White Sox pitcher hints he would plunk former teammate Aaron Judge, other batters if they peeked for signs
Aaron Judge raised some eyebrows this week when he peeked into his dugout then demolished a 462-foot home run against the Toronto Blue Jays.
Blue Jays broadcaster Buck Martinez called it “really unusual,” while his partner, Dan Schulman, added, “You don’t want to go throwing allegations around without knowing, but …”
Judge claimed he peeked to see who was “chirping” in the dugout, but the Blue Jays thought otherwise. They suggested he was looking into the dugout to get information on what pitch was coming. And the pitcher who served up the bomb, Jay Jackson, said he was tipping his pitches.
The New York Yankees said nothing illegal was going on, but sign stealing, both legal and illegal, remains the subject of a hot debate in the sport due to some unwritten rules.
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A Chicago White Sox pitcher feels Judge broke one of those unwritten rules by getting a tip from a coach, not his teammates.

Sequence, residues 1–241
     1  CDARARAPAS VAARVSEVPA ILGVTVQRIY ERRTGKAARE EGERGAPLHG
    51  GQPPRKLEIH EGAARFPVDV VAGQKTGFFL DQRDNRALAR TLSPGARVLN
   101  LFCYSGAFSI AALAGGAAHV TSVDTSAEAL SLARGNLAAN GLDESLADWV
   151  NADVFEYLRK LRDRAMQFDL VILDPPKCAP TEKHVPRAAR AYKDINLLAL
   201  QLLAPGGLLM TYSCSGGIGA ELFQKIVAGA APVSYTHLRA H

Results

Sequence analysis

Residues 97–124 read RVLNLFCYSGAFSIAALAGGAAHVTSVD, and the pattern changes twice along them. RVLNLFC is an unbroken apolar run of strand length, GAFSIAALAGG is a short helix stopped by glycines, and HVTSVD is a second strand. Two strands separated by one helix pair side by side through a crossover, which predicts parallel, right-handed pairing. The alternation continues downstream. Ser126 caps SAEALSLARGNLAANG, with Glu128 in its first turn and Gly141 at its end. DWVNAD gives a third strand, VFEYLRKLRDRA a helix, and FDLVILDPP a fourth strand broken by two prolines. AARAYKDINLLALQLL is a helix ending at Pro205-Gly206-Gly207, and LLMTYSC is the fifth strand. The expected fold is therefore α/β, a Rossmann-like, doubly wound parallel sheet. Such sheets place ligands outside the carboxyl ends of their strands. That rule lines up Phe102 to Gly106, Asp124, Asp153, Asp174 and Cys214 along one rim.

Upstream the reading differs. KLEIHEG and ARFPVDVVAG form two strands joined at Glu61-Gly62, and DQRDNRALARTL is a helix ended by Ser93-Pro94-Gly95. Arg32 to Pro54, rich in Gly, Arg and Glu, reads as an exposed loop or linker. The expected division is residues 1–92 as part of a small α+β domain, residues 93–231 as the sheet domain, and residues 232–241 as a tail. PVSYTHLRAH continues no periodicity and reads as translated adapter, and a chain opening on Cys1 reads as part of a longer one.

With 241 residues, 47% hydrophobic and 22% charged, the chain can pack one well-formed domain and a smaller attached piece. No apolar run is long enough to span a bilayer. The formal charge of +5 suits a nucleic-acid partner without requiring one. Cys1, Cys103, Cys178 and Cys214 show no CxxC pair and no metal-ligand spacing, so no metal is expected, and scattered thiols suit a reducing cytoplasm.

And that, Lance Lynn says, may deserve getting drilled with a fastball.
“That’s the only way to stop it, right?” Lynn, a former teammate of Judge’s, told “Foul Territory” when asked by former MLB player A.J. Pierzynski how to stop players from peeking into the dugout.
“If a guy’s on base, and he sees your grip from second, that’s on you. I see that one. But when players that are not on the field or coaches that are not playing the game are involved, that’s where I think it’s too much. Everybody can do their homework. They can see things and do all that. If it’s not your teammate and/or you in the box getting the tips, that’s where I draw the line.”
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Judge said he was “not happy” with the Blue Jays broadcasters’ insinuations and that he had “choice words” for them, which he would keep private. So, instead, he’s letting his game do the talking. It seems that Schulman, Martinez and others poked the bear.
The defending AL MVP with a 62-homer season was getting hot after his return from the injured list. But in the five games since the “scandal,” he’s hitting .450 (9-for-20) with three homers, two doubles and eight RBIs.
He went 4-for-4 with three RBIs, including the game-winning single, Saturday against the Cincinnati Reds.
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Judge’s controversy isn’t the only headline about cheating the Yankees have gotten in recent days.
Domingo German was ejected after umpires ruled his hands were too sticky, and he’s serving a 10-game suspension. In Friday’s game, Clarke Schmidt was allowed to stay in the game after a substance check. Reds manager David Bell argued about Schmidt remaining in the game and was ejected.
After a slow 15-15 start, the Yankees have won 10 of their last 13 games and 13 of their last 18.